500 adults. By age 27, individuals with short sleep duration (less than 6 hours) were 7.5 times more likely to have a higher body mass index, after controlling for confounding factors such as family history, levels of physical activity, and demographic factors (Hasler et al., 2004). Another study, a large population-based study of more than 1,000 adults, found a U-shaped relationship between sleep duration, measured by polysomnography, and BMI (Figure 3-2). Adults who slept 7.7 hours had the lowest BMI; those with shorter and longer sleep duration had progressively higher BMI. The U-shaped association also applies to other health outcomes, such as heart attacks. The impact of sleep loss diminishes with age. The study also sought to investigate physiological mechanisms behind the relationship between sleep duration and BMI. Measuring two appetite-related hormones, the study found that sleep insufficiency increased appetite. Sleep insufficiency was associated with lower levels of leptin, a hormone produced by an adipose tissue hormone that suppresses appetite, and higher levels of ghrelin, a peptide that stimulates appetite (Taheri et al., 2004). Another study—a small randomized, cross-over clinical trial—also found that sleep restriction was associated with lower leptin and higher ghrelin levels (Spiegel et al., 2004). The findings suggest that a hormonally mediated increase in appetite may help to explain why short sleep is related to obesity. Several mediating mechanisms have been proposed, including effects of sleep deprivation on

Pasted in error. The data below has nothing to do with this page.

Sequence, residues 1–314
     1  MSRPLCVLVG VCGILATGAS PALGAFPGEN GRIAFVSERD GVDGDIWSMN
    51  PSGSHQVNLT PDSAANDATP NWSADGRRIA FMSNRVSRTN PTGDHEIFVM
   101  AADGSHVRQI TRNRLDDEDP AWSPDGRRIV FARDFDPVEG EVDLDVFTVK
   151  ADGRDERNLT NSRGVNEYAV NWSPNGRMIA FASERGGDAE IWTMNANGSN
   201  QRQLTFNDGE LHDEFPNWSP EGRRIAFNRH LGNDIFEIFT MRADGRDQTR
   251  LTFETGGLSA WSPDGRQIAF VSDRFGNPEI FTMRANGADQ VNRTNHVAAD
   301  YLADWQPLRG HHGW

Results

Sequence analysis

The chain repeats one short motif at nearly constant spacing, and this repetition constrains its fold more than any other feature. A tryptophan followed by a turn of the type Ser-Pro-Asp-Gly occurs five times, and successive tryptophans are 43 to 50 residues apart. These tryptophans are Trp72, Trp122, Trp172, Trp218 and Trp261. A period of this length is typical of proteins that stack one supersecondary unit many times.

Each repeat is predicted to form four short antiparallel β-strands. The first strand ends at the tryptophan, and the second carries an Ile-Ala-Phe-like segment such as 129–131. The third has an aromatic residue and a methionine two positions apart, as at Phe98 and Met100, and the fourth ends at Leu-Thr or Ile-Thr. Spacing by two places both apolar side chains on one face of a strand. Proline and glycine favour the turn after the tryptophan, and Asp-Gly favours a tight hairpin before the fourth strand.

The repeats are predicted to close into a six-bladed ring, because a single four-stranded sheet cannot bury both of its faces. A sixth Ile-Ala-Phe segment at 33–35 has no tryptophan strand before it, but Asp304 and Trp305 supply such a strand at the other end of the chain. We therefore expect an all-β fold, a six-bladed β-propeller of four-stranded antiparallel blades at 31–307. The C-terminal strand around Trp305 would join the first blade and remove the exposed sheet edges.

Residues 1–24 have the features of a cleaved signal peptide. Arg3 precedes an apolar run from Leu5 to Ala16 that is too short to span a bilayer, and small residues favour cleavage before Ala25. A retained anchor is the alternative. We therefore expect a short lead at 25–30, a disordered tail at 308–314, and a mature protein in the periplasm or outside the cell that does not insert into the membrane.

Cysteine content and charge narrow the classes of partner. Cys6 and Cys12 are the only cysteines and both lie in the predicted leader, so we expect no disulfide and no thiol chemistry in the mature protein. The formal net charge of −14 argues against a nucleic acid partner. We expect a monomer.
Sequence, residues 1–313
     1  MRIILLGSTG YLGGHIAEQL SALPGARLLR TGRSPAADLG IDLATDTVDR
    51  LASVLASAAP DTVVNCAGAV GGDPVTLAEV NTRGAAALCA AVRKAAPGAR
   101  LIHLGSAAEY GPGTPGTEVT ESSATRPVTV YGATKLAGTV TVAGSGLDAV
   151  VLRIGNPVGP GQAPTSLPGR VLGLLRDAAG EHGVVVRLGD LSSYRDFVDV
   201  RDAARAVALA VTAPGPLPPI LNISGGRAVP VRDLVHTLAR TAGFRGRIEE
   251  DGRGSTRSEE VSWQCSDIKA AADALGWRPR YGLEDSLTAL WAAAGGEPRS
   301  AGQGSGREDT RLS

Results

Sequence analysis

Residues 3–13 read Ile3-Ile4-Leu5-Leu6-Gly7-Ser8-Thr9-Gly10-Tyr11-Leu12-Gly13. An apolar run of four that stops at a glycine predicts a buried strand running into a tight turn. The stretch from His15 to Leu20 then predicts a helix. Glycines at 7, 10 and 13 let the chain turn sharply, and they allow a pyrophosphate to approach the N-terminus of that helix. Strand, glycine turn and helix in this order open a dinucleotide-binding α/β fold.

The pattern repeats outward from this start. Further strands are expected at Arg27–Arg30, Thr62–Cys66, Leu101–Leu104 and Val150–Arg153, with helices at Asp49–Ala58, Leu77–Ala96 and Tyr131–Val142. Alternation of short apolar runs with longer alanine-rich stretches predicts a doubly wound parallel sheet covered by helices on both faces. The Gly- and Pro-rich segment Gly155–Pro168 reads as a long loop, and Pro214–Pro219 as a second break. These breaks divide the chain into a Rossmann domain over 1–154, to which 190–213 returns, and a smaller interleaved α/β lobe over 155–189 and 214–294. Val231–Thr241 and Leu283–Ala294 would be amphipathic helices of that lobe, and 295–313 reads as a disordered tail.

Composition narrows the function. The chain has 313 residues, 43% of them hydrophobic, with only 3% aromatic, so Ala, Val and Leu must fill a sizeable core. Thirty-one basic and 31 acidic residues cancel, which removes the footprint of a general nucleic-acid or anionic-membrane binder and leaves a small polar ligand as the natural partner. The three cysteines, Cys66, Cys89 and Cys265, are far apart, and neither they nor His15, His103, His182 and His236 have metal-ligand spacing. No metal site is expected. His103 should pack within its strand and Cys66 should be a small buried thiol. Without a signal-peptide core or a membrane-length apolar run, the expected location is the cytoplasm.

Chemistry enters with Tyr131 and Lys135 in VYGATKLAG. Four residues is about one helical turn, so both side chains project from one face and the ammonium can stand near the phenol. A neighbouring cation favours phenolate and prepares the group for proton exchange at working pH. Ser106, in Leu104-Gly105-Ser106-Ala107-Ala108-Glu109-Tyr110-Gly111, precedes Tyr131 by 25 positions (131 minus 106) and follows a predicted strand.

FIGURE 3-2 Curvilinear relationship between BMI and average nightly sleep.

SOURCE: Taheri et al. (2004).

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